Wildlife & Walkin

Wildlife and walking

 

One of the great joys of staying in Orciatico is its countryside and wildlife.   The house stands on the edge of thousands of hectares of forest, scrubland and high hills and is a great base for exploring  this special part of Tuscany.

 

The first walk visitors to the house often do is to continue up the forest road to the old windmills and then to the ridge about 15 minutes beyond.   From here there is a stupendous view of Volterra; the vista can be particularly breath taking in the early evening, when the golden stone seems to glow in the light of the setting sun.

 

The forest you walk through is typical of this part of Tuscany, being mainly open broad leaved woodland, with an abundance of flowers blooming pretty much throughout the year.   We have found a wide range of flowers (although, we are by no means experts), including wild crocus and several species of orchid.  There are also conifer trees and children often have the difficult choice of collecting huge pine cones, coloured rocks (red, blue or marble) or berries; although the latter do not usually make it back to the house.

 

Whilst walking up to the higher wind mill, a ruined castle (Rocca di Pietracassia) can be seen on the next ridge.  This is a good objective for a longer walk.   In addition to the great views of Volterra, you take in panoramas of Lajatico, the forest towards the Sterza valley and the higher hills around Castellina Marittima and towards the coast.   If doing a circular route back from the “Rocca” you can also take in some ruined water mills.

 

Whilst walking the road up to the view of Volterra is relatively gentle and straightforward, walking in the wider forest land, e.g., to “Rocca” (particularly on the return) should be done with care.   Maps (which can be bought in Volterra) should be used, good footwear and long trousers worn; due to the spiny plants, biting insects and very occasional snakes.   One of the best investments for happy walking is also insect repellent, we would also recommend covering arms, legs and heads.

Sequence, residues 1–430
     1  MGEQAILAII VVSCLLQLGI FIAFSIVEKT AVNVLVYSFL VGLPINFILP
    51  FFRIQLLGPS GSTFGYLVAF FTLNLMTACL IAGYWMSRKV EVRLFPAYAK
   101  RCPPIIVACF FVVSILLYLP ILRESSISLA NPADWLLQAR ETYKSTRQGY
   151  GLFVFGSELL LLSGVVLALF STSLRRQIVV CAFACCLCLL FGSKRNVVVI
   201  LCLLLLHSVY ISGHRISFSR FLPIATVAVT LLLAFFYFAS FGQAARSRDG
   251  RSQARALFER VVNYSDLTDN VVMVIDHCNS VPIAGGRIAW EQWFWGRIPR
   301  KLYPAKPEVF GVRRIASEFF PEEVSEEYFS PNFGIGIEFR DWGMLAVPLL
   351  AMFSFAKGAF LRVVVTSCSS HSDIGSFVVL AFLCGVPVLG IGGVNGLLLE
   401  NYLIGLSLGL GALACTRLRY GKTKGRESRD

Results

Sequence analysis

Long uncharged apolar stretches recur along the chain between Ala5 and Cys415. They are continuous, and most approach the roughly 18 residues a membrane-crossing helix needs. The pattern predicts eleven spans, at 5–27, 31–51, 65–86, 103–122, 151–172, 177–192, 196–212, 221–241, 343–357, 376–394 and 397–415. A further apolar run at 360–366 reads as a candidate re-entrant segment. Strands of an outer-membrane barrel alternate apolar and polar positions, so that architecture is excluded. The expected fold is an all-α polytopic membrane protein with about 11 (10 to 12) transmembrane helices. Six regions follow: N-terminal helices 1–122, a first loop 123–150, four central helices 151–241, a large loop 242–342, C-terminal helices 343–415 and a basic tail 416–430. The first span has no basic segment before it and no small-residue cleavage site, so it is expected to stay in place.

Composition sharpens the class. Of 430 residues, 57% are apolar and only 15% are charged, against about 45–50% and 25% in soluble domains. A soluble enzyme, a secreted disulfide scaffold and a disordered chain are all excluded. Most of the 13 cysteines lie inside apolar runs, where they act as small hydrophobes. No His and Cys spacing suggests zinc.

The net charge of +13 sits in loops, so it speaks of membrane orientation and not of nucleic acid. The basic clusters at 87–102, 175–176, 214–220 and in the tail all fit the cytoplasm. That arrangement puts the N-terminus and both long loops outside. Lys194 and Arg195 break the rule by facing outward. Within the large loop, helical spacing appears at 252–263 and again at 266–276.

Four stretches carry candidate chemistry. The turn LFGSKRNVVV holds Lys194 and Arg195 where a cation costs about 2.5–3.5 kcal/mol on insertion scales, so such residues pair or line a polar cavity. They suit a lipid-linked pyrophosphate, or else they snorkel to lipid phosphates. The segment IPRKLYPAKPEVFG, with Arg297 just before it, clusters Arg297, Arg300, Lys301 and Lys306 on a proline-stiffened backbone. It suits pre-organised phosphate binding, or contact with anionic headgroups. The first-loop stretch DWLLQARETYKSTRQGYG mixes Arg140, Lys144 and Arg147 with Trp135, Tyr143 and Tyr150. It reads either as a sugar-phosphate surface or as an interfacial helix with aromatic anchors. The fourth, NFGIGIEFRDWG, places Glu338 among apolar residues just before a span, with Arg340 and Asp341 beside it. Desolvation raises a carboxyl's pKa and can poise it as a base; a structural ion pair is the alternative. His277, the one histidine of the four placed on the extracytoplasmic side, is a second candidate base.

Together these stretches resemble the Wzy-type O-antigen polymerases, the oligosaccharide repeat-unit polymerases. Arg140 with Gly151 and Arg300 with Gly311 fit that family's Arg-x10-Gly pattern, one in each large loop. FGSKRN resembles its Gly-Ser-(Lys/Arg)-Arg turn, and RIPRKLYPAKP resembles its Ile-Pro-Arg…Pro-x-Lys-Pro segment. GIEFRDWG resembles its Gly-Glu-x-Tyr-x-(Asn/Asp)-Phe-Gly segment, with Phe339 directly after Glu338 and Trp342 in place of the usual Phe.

You should also bear in mind that the woods are used for shooting approximately 3 days a week, between November and March and that whilst you will be safe enough on the main tracks whenever you choose to go out, it is best to avoid days when shooting is taking place.  Information about the precise dates and seasons are posted on trees on the main tracks through the forest.

 

Going further afield you can take in the Mofete; Orciatico’s number one natural curiosity; found below the village near the road to Lajatico.   The  Mofete (also known as Borboli), is a geothermal vent which emits a mixture of Carbon Monoxide and Sulphurous gases.  The name Mofete is taken from the Roman goddess of sleep, as straying too close will induce long term sleep (take care!).

 

Whilst this may sound slightly uninviting, safe and very enjoyable walking is very viable, with little more than the sensible precautions you would take when walking in England.  We however feel it is right to advise caution in what is likely to be unfamiliar terrain for most visitors.   The effort is well worth it and handsomely repaid in terms of the wildlife, views and the overall experience of roaming and discovering this special corner of Tuscany.

 

 

The wildlife

 

The hills and woods are alive with wildlife, a fantastic variety can be seen.  The mammals include, Wild Boar, Deer, Pine Marten, Fox, Red Squirrel, Hedgehog, Hare and Porcupine.   The reptiles/amphibians: Frogs and Toads, Newts and Salamanders; Lizards, Geccos and Snakes (steer clear as these include Vipera; Adders).